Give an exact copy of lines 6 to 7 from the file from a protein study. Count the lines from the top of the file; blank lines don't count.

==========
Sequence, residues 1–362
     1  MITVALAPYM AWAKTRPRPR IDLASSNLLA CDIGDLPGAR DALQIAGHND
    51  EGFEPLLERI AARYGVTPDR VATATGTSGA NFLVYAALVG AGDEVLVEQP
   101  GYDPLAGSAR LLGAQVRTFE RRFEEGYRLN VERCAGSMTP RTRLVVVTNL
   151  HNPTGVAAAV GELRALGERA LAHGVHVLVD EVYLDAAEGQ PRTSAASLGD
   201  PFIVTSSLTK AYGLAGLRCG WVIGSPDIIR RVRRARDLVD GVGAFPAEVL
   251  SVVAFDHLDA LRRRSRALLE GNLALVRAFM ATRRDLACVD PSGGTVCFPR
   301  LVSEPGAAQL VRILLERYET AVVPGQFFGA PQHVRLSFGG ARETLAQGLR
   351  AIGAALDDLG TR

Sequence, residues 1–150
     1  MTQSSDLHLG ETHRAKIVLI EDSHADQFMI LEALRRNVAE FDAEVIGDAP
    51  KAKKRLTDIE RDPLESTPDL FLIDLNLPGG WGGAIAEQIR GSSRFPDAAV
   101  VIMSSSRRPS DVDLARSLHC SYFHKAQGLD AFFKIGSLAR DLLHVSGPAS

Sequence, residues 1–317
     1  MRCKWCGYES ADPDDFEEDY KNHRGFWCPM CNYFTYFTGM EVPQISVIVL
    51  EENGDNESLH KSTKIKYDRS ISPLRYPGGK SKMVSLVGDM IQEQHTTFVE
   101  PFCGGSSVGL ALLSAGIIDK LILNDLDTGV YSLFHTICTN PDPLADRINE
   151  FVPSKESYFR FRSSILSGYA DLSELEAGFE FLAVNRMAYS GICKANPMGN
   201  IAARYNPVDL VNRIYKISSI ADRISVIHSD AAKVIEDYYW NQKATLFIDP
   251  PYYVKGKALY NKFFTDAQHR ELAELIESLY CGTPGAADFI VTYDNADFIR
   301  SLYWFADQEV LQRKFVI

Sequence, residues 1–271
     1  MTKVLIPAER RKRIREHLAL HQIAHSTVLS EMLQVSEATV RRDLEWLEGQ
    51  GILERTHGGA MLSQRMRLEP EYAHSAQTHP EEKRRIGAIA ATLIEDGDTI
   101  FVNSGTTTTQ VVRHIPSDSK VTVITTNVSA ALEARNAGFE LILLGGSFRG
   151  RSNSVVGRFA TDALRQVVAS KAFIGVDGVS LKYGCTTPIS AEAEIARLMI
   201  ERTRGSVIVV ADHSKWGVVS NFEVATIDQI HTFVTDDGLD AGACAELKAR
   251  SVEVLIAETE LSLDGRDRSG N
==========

   201  PFIVTSSLTK AYGLAGLRCG WVIGSPDIIR RVRRARDLVD GVGAFPAEVL
   251  SVVAFDHLDA LRRRSRALLE GNLALVRAFM ATRRDLACVD PSGGTVCFPR